- Microsoft Windows Server 2003, Microsoft Windows 2000 Professional (or Microsoft Windows 2000 Server) or Microsoft Windows XP Professional with the .NET Framework installed.
- Microsoft Visual Studio .NET or Microsoft Visual Studio 2005.
To create, use, and manage macros, follow these steps:
- Click Start, point to Programs, point to Microsoft Visual Studio .NET or Microsoft Visual Studio 2005, and then click Microsoft Visual Basic .NET or Microsoft Visual Basic 2005.
- Click New Project.
- In the Project Types list, click Visual Basic Projects.
Note In Visual Studio 2005, click Visual Basic under Project Types.
- In the Templates list, click Console Application.
It does not matter which type of application you choose to demonstrate the creation and use of the following sample macro. A console application is appropriate here because it is simple and lightweight.
- Click OK.
Module1.vb should now be open in the Code Editor window.
- To illustrate how macros are managed, click Tools, point to Macros, and then click Macro Explorer to open Macro Explorer (or press ALT+F8).
This is the first step to create a new macro with the Visual Studio .NET or Visual Studio 2005 macro recording feature.
The MyMacros project should be visible. It is installed by default in the VSMacros folder beneath the Visual Studio projects location, as set in the Projects and Solutions folder (click Tools, point to Options, and then click Environment).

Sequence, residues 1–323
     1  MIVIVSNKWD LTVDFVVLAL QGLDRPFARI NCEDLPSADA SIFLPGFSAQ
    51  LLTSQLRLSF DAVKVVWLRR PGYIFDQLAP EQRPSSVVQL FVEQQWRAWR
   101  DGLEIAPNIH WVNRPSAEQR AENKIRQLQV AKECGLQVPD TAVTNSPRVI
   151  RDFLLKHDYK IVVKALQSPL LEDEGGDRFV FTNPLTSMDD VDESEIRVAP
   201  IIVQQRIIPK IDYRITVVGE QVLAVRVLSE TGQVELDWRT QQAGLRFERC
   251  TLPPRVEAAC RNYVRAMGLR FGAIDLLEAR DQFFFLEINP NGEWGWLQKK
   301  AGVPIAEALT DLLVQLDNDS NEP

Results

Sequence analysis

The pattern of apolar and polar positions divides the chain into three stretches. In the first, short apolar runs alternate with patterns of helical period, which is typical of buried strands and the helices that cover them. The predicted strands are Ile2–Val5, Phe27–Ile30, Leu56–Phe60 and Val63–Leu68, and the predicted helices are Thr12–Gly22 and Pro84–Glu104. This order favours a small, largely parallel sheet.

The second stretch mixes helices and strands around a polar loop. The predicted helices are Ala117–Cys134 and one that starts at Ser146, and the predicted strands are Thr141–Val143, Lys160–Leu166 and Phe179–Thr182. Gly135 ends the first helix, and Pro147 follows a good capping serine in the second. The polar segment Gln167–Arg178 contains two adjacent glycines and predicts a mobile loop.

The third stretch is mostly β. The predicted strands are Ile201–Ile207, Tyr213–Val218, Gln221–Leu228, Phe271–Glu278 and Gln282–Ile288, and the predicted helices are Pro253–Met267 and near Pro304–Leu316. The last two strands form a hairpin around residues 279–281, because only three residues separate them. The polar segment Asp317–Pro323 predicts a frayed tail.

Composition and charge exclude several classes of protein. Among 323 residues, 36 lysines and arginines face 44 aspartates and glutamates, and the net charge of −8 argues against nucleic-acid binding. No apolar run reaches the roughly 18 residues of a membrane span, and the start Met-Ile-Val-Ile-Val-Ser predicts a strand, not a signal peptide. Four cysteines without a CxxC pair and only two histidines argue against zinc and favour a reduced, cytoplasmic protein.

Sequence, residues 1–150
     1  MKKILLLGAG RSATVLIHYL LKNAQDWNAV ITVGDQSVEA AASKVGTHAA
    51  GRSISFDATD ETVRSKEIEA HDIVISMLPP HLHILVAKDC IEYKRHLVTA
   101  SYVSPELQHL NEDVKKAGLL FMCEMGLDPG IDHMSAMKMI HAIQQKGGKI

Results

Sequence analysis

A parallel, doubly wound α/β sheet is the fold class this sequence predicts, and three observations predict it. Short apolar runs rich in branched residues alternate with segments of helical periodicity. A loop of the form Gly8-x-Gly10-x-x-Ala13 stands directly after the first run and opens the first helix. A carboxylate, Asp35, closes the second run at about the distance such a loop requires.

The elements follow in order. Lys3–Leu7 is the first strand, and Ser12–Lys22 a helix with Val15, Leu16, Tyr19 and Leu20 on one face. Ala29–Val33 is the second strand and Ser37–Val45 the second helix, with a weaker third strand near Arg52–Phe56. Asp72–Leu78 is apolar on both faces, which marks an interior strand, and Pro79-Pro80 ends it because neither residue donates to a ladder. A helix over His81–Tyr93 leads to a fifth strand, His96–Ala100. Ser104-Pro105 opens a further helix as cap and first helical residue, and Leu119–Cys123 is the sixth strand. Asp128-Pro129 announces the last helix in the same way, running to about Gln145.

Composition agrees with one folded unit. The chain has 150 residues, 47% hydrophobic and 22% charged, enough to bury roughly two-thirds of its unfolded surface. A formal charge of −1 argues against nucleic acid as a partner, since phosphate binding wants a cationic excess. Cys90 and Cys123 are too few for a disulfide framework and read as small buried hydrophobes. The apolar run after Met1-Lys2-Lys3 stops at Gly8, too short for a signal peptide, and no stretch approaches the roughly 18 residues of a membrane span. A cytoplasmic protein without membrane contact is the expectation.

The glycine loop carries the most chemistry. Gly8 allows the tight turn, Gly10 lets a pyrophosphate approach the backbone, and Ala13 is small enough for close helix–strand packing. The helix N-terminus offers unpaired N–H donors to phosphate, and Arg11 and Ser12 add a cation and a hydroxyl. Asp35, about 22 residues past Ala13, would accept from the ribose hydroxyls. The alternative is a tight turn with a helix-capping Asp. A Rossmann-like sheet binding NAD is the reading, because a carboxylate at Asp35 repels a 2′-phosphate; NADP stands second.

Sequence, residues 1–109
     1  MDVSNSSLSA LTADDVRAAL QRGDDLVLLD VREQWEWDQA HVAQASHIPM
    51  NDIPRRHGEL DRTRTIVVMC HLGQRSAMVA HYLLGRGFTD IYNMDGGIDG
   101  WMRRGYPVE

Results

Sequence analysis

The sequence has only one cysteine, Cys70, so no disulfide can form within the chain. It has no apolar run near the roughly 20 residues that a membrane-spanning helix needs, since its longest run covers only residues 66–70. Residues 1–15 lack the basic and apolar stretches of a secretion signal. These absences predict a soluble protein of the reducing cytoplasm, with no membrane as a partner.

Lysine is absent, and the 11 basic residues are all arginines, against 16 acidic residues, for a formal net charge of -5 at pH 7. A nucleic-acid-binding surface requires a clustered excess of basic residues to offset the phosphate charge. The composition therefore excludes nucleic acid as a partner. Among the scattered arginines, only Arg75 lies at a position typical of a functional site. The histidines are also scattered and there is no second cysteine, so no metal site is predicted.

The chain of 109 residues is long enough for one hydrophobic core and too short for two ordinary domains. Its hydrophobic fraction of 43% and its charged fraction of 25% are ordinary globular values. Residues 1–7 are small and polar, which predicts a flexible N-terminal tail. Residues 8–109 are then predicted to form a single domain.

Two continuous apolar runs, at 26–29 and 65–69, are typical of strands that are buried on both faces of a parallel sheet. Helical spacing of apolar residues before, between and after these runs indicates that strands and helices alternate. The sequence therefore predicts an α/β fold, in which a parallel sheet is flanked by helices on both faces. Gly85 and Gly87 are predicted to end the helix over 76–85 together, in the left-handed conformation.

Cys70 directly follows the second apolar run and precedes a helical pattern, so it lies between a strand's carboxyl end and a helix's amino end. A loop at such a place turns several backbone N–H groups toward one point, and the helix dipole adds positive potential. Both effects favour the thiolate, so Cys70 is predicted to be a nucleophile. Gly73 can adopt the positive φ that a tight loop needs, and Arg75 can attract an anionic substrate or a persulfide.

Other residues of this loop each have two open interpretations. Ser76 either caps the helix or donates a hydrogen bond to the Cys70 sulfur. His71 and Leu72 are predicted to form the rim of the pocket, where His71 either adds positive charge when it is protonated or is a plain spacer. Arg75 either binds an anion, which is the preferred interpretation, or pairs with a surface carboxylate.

NOTE: To manage (and organize) macros, create new macro projects.
- In the Macro Explorer, right-click Macros, and then click New Macro Project.
- In the New Macro Project dialog box, type KeyboardUtil in the Name box, and then click Open.
Note In Visual Studio 2005, click Add instead of Open.
- In Macro Explorer, right-click KeyboardUtil, and then set this as Recording Project.
Newly recorded macros will now be placed in this new macro project.
- The macro that you will create inserts the TODO token into your code and then opens the Task List window with all tasks in view. This token is automatically parsed by the integrated development environment (IDE) to aid developers in marking up their code.
NOTE: A full list of tokens and Task List options are available when you click Tools, point to Options, point to to Environment, and then click Task List.
- Press CTRL+SHIFT+R to start recording the macro.
A small Recorder toolbar should appear. All interactions with the keyboard and Visual Studio .NET interface are now recorded.
- In the Code Editor window, type
TODO: inside the Sub Main() frame in the code.
- Click View, point to Show Tasks, and then click All.
- Press CTRL+SHIFT+R to stop recording.
- In Macro Explorer, notice that a new file called RecordingModule is now displayed, with TemporaryMacro underneath it. Right-click RecordingModule, and then click Edit to open the Macros IDE and view the code that was generated when you recorded your actions in Visual Studio .NET or in Visual Studio 2005.
Here you can edit the code directly, or write macros from scratch.
NOTE: When you view this code, check it against the code included in the "Complete Code Listing" section of this article. The macro-recording process records all clicks and key presses that you make. Therefore, if you make an extra mouse click, this will be recorded. The resulting extra line will most likely be as follows:This line moves the Active Window to Module1.vb. If you want this macro to work in whatever window is currently active, remove this line.